Is Pure Land "Buddhism" contradictory to Buddhism?

Re: Is Pure Land "Buddhism" contradictory to Buddhism?

Postby Andreas Ludwig » Sun Sep 18, 2011 10:38 am

You don't seem to understand what I'm saying and you are stuck with blind text following, which was NOT was Shinran was about. But all this 'dare you, you slander the Dharma' stuff doesn't interest me and I don't consider this to be a good basis for any debate here. I've written many postings here where you can easily see what my standpoint is and how I relate that to Shinrans teachings. The point I wanted to make is better expressed by Al Bloom here :

Shinran's religious experience loses intensity and drama when it is considered only as arising from contact with Buddhist teachings - for example, from the reading of a sutra or text. To the contrary, his thought gains in universal importance because it arose from a sensitized awareness of the true nature of man. Shinran did not merely contemplate ideas. Rather, he confronted himself and as a consequence, had to seek a new path. (...)
This fundamental insight manifested by Shinran was not derived simply from sacred texts and traditions, but was, perhaps, grounded in tradition in the contemplation of Nature itself and the influence of the doctrine of Primordial Enlightenment of the Tendai sect. (Alfred Bloom)


Anyway, feel free to consider right and wrong whatever you wish. As was said previously here what I said is how Shinshu is presented in Canada (and there are many teachers not only in Canada, who say the same things) so they are all slandering the Dharma and don't know that Shinshu is Mahayana?

Gassho

Andreas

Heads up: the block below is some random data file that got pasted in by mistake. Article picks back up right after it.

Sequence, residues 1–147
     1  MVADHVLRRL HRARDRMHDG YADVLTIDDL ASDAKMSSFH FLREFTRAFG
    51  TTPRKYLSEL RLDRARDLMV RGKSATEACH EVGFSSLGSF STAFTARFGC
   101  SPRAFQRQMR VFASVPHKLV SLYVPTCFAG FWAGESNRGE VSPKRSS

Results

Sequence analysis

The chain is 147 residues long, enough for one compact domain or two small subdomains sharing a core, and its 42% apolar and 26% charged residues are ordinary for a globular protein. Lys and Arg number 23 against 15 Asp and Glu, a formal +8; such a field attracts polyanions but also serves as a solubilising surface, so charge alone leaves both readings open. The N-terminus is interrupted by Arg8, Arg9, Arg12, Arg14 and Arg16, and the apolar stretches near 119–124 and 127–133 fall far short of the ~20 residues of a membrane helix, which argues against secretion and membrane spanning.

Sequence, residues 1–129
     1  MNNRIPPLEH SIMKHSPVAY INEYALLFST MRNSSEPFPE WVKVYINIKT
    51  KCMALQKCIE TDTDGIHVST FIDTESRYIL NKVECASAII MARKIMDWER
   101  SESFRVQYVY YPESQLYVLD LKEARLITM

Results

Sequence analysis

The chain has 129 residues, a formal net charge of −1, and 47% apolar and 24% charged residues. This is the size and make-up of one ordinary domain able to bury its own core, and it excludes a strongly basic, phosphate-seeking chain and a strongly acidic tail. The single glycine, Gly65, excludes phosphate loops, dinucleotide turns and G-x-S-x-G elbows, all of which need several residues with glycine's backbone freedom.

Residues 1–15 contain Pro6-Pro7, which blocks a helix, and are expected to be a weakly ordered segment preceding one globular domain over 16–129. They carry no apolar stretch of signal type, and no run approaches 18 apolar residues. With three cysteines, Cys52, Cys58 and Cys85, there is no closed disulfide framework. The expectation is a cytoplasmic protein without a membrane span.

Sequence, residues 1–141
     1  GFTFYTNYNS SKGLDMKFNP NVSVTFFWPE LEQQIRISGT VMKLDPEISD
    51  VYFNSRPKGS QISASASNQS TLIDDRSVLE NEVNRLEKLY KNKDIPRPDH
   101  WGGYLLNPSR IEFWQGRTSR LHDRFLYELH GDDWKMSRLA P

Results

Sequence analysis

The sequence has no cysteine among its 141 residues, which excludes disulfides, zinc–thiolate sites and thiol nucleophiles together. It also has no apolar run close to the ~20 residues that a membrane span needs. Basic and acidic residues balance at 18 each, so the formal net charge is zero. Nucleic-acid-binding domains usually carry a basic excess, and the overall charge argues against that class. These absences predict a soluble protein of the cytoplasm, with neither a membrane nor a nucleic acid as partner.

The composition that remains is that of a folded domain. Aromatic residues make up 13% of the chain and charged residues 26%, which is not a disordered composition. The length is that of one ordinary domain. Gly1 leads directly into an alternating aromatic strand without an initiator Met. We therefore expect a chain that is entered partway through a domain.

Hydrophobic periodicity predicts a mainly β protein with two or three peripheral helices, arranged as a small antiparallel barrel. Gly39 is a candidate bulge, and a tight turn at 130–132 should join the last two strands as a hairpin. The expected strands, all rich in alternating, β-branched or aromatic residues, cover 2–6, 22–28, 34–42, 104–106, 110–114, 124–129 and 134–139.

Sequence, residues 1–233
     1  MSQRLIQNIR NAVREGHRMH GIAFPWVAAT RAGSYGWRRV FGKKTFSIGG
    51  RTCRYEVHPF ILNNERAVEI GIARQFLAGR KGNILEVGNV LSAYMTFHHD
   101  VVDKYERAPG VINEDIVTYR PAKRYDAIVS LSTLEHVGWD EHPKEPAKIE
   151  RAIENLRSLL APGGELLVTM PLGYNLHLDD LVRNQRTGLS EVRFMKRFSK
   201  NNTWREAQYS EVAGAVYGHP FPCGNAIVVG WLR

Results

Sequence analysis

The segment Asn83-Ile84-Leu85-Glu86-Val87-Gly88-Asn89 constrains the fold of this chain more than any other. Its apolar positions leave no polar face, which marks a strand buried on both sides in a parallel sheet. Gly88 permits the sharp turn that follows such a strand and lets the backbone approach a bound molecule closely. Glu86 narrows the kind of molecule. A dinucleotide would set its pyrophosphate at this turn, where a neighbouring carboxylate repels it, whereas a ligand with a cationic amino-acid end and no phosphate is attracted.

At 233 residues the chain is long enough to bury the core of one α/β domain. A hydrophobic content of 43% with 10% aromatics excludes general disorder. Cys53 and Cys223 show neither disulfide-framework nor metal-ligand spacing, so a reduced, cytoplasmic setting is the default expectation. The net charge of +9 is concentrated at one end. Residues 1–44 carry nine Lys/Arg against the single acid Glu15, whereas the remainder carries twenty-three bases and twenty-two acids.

Andreas Ludwig
 
Posts: 38
Joined: Mon Nov 02, 2009 10:07 pm
Location: Germany

Re: Is Pure Land "Buddhism" contradictory to Buddhism?

Postby Astus » Sun Sep 18, 2011 1:25 pm

This topic of the interpretation of Pure Land in Shinshu has been discussed here: Divergences from the Jodo Shinshu Teachings, that involved Andreas and Al Bloom too.
"There is no such thing as the real mind. Ridding yourself of delusion: that's the real mind."
(Sheng-yen: Getting the Buddha Mind, p 73)

"Neither cultivation nor seated meditation — this is the pure Chan of Tathagata."
(Mazu Daoyi, X1321p3b23; tr. Jinhua Jia)

“Don’t rashly seek the true Buddha;
True Buddha can’t be found.
Does marvelous nature and spirit
Need tempering or refinement?
Mind is this mind carefree;
This face, the face at birth."

(Nanyue Mingzan: Enjoying the Way, tr. Jeff Shore; T2076p461b24-26)
User avatar
Astus
Former staff member
 
Posts: 4254
Joined: Tue Feb 23, 2010 11:22 pm
Location: Budapest

Re: Is Pure Land "Buddhism" contradictory to Buddhism?

Postby Nighthawk » Sun Sep 18, 2011 8:44 pm

Anyway, feel free to consider right and wrong whatever you wish. As was said previously here what I said is how Shinshu is presented in Canada (and there are many teachers not only in Canada, who say the same things) so they are all slandering the Dharma and don't know that Shinshu is Mahayana?

Gassho

Andreas